There has been a rainbow-display picture trend going on in the internet in support of the legalizing of same-sex marriage in the United States. There has also being a great uproar amongst Nigerians regarding the issue, because we don’t have any other problems worth our attention. Personally, I am deeply concerned and troubled, so I would like to say how I feel about the matter. My feelings can be summed up in one sentence: Tomatoes have become way too expensive. This is a matter of national importance. People are now reverting to rice and pepper-soup, or rice with a few lone slices of blood-bought tomatoes. Things are really getting out of hand.
That is why pastors are now smarter. I am not talking about the ones who have made it. No, not those pastors with houses and cars that rival those owned by big oil-company employees, not at all. Those ones have arrived. They sit in their air-conditioned offices and offer pay-by-the-hour prayers. Visions cost a little more, depending on what you want them to see in your future.
Vision of you in a Toyota Camry – N20, 000
Vision of you in a Range Rover – N100, 000
I am talking about the ones that are yet to arrive. These ones are still at the stage of praying in bus parks for 500 – 800 naira per bus. Now, this is not a lot of money as you may think, considering that there are several pastors working the same park and not many buses are travelling long distances. The truth is, you can’t pray for people travelling short distances, because even though they are also likely to die, they are less likely to have money to give as offering. So the pastors limit their prayers to long distance travelers, who are more afraid and more likely to pay. So let’s say on the average, you get two buses daily, 1000 – 1,600 naira is not much; you have to pay the people that own the park a percentage daily.
So this pastor I met last week on my journey from Port Harcourt to Owerri decided to be a little creative. A true entrepreneur at heart. As the bus was loading up, he placed his bag on the seat beside me in the universal gesture of possession and then stood beside the bus outside as other people got their seats. A female pastor – easily recognizable by the scarf on her head, which was roughly the size of two bed sheets sewn together – approached the bus. Mr Pastor intercepted her and motioned her to a corner. I turned my head to watch. The argument was heated; I could tell by the vicious gestures stabbing the air and head shaking. After sometime, he left her and returned to stand by the bus. I smiled to myself; the souls in the bus must be worth a lot, for two pastors to nearly come to fists over who would pray for us. Then, the bus filled. Pastor got in. And the journey started.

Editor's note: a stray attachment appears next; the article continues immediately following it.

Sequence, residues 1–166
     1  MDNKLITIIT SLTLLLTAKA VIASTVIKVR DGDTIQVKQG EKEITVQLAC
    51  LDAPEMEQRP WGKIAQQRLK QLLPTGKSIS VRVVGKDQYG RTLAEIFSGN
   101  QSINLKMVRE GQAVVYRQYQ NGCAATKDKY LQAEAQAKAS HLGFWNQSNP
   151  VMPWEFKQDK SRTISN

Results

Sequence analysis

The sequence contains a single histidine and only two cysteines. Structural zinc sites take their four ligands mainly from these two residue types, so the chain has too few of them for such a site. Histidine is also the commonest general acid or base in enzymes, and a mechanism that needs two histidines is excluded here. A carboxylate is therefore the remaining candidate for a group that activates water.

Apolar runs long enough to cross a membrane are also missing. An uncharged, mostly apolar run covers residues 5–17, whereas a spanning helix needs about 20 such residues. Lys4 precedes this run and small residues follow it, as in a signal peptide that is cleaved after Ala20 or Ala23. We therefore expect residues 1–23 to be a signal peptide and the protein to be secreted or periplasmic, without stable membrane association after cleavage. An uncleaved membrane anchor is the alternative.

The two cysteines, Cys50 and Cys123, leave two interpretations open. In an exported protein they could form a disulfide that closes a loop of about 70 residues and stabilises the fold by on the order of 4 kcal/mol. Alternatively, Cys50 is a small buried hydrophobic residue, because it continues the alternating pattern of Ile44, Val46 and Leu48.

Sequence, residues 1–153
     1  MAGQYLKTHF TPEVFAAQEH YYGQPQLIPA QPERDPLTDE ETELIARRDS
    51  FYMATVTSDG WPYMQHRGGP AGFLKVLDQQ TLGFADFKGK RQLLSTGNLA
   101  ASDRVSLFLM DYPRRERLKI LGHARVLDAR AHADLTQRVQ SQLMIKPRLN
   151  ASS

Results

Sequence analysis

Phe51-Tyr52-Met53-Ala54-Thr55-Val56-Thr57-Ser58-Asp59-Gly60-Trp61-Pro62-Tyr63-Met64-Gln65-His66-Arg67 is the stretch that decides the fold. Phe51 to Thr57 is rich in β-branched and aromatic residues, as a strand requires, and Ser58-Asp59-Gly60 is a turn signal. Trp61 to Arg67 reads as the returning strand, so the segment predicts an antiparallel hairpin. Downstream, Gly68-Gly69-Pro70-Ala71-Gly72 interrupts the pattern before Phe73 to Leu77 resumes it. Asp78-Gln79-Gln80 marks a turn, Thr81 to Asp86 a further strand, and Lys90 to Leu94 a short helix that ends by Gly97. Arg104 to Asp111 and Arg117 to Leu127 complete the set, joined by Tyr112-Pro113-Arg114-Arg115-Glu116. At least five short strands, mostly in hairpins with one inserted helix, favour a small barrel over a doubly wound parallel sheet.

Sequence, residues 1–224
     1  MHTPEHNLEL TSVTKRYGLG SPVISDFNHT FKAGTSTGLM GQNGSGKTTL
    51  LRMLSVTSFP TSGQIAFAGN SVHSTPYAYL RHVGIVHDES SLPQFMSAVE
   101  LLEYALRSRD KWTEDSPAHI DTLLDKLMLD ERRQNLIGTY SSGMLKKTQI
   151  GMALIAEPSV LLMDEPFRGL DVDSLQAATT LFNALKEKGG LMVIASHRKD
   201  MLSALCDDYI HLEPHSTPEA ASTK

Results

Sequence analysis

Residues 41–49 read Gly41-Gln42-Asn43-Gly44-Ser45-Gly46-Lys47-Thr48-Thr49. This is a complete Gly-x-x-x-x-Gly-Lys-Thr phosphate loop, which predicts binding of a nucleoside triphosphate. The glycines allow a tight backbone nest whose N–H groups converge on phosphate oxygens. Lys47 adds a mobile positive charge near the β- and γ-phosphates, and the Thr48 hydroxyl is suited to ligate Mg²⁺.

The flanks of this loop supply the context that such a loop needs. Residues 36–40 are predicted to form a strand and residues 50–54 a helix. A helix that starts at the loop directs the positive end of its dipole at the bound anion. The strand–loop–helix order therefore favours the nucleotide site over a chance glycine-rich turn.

Two minutes into the journey, he started preaching. He went on for about fifteen minutes. Then he announced that he wasn’t actually going to Owerri.
“The spirit of God (meaning the rising cost of tomatoes) just moved me to enter this bus. I will soon stop, but first I want four people to pay back my transport, only five hundred naira, not more than four people please.”
I stared in shock as four hands holding five hundred naira each shot into the air. Pastor launched into prayers, and then he paused.
“The spirit says more people want to give, but they don’t have five hundred naira. If you want to give to the Lord, (and to my pot of stew) raise your hand with what you have!”
This time, I was not shocked to see the rest of the passengers, except me of course, raise their hands. I could see two hundred naira notes peeking from several hands. Pastor collected everything, and then alighted at the next bus stop.
Rough calculation? At least four thousand five hundred naira, and the park owners wouldn’t be seeing a dime. And if he should repeat the same routine on a bus heading back to Port Harcourt, then his troubles would be over. And for this, I pity the other female hustler – erm, pastor. She should have insisted on praying for us. Shouldn’t the Lord’s vineyard be big enough for two?
Written by Chika Jones, tweets at @chika_jones